WELLS-L Archives

Archiver > WELLS > 1997-08 > 0871277252

From: <>
Subject: WELLS family of Wellsburg, Brooke Co., VA/WV
Date: 10 Aug 1997 22:27:32 PDT

A recent post had an attachment entitled "WELLS FAMILY HISTORY / BY /
ORRIN BRYTE CONWAY." The post was accompanied by a message indicating
the gentleman had found the document while "housecleaning" his PC and
might help someone.

Fair enough! Unfortunately, the =original= author [Conway] seems to
have taken an approach to his research that could be characterized as
"casual" at best. A brief example will suffice:

The fourth page of this "Wells family History" states:
"Wellsburg, West Virginia was founded December 7, 1791 and named
after Alexander Wells. Alexander Wells was the Son-in-law of Charles
Prather as he married the daughter Elizabeth..."

These two sentences conflict in all but one detail with the information
Nancy Lee Caldwell, Copyright 1975, Wellsburg, WV (of which I obtained a
partial copy at the Brooke County Library about ten years ago):

Chapter 1, "Early History of Brooke County" (relevant excerpts):
"One of the earliest settlers was Charles Prather. On March 6, 1788,
Prather purchased 481 acres of land from John Cox, heir of Friend Cox.
... In 1790, Prather had this ground surveyed, a plat was made and at
the January term of court in 1791 in Ohio County, the Town of
Charlestown, Virginia was incorporated.." [Note: Brooke County was
formed out of Ohio County in 1796 or 1797; authorities differ.] ...
From 1788 to 1795, settlers were arriving every day. ... One of these
early settlers was Alexander Wells from Baltimore, Maryland. Mr. Wells
first settled in Cross Creek Township, Pennsylvania around 1773, and was
the first person to erect a frame building in that part of what is now
Washington County, Pennsylvania. However, around the late 1780's, Mr.
Wells started to dispose of his property in Cross Creek and started
investing in properties in Charlestown, Virginia. Mr. Wells traded
property with his cousin, Richard Owings of Baltimore, in exchange for
450 acres at the mouth of Buffalo Creek where he built a trading post
and warehouse. He purchased and rented lots in Charlestown from Charles
Prather and other men. In 1788, he built a log cabin... [still standing
in 1975]. ... The legislature of the state of Virginia passed an act
December 27, 1816, to change the name of Charlestown to Wellsburg. The
new name was in honor of Charles Wells, who married Elizabeth, the only
daughter of Charles Prather." [Note: One problem with the name
Charlestown was that there was already a "Charles Town" in Virginia; it
was, and is, the county seat of Jefferson County. A second
"Charlestown," as county seat of Brooke County, was undesirable.]

From this second account, which appears authoritative and appropriately
documented, we note:
1) The town was =founded= as Charlestown (not as Wellsburg).
2) Incorporation as =Charlestown= (not Wellsburg) occurred in January
1791 (not 07 December 1791).
3) The founder was Charles Prather, not Alexander Wells.
4) Charlestown was renamed Wellsburg by legislative act on 27 December
1816 (twenty-five years AFTER its alleged "founding" by Alexander
5) The town was named for =Charles= Wells, =not= Alexander Wells.
6) Charles Wells (not Alexander) married Elizabeth Prather.
7) Charles Wells (not Alexander) was the son-in-law of Charles Prather.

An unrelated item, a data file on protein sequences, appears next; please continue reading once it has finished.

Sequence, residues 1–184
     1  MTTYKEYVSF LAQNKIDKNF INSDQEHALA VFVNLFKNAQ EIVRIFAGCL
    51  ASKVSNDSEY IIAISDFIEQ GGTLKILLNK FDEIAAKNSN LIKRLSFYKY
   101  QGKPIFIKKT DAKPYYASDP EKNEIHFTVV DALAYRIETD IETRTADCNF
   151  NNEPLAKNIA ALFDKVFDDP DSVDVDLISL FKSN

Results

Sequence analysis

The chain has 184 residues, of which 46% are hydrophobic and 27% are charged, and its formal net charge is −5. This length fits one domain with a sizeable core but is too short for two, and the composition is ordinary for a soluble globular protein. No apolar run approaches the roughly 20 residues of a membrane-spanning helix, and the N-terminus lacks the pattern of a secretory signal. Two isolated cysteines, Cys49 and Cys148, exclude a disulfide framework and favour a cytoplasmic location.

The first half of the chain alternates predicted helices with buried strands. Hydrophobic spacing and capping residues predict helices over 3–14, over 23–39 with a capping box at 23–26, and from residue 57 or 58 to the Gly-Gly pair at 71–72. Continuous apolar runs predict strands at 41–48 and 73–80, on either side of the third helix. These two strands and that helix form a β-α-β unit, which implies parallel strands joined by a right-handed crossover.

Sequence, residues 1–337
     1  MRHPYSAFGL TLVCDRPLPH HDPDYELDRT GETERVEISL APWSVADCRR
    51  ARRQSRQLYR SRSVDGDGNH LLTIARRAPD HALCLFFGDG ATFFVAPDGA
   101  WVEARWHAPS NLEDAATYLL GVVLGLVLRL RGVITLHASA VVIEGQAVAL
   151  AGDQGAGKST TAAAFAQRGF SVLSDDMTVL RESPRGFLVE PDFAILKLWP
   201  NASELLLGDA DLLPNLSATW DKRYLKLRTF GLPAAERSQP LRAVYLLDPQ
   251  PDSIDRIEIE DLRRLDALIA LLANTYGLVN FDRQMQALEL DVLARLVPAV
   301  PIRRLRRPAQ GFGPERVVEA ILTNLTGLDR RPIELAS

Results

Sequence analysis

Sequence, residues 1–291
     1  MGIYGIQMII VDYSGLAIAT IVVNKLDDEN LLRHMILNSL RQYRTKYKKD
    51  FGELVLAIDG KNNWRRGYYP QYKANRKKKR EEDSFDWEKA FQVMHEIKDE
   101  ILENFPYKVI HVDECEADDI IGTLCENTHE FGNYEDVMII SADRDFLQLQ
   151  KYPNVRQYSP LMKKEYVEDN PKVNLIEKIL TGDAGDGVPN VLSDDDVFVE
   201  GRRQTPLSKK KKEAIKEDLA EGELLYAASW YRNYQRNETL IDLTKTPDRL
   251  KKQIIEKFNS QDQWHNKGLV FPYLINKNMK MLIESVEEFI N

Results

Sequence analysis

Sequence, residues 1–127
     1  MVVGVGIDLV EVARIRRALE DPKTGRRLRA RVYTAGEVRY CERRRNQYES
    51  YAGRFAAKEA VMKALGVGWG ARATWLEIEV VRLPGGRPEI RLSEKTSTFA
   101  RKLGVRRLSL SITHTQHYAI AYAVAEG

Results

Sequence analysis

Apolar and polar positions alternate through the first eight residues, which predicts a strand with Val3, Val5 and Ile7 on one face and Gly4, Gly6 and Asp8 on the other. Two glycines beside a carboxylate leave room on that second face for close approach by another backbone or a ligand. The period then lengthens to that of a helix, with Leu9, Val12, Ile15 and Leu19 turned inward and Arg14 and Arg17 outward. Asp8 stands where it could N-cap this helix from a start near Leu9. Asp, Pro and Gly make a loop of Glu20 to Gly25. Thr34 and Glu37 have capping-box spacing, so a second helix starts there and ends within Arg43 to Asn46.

In short, there appear to be seven (7!) factual errors in a mere two
sentences (one factual error for every four words). Is this a record?
(BTW, Elizabeth Prather =was= the daughter of Charles Prather; at least
Conway got that right.)


Of course, the first tipoff that this is probably genealogical graffiti
was its opening sentence. Any four-page(!) "Wells Family History" that
starts out "The first Wells to appear in English history was Richard,
who sailed from Normandy with William the Conqueror, in 1066...", then
leaps 800 years to "Gideon Wells of Connecticut [who] was in Lincoln's
cabinet" tells us plainly that the author was merely infatuated with the
reflected glory of "famous names." [Needless to say, none of these
famous WELLSes are ever connected to the Wells family of Brooke County.]

Some of the data presented by the author may well be correct, but I'd
suggest anyone interested in this account proceed with maximum caution
and accept no statement made by Conway without appropriate confirmation
from primary evidence or at least a generally reliable secondary source
(which is simply good practice in any case).


BTW, I don't research the WELLS family of Wellsburg (my WELLS family is
of Massachusetts), but do have a primary research interest in a German
family in the Wellsburg area (who came from Lancaster, PA. ca 1784,
=before= the WELLSes and the PRATHERs arrived). I'm familiar with the
area (and my family are intermarried with the PRATHERs) - so the
"offending" two sentences instantly set off alarm bells.

I am presently working on mid-19th century records of Wellsburg and the
surrounding area (principally its newspaper, the Wellsburg Herald) and
have been posting to the list such WELLS items (primarily marriages and
obits) as I note. As mentioned, however, that I do not research this
WELLS family, so (except in rare instances, such as intermarriages with
"my" families) cannot assist in identifying persons named in these old
newspaper articles. My contribution is to slog through the old
newspapers and post the WELLS items I note while looking for the
families of interest to my research. Also, if you have specific
research problems in the area, I may (emphasize "may") be able to offer
suggestions - I'll try, at least.

Richard ()

This thread: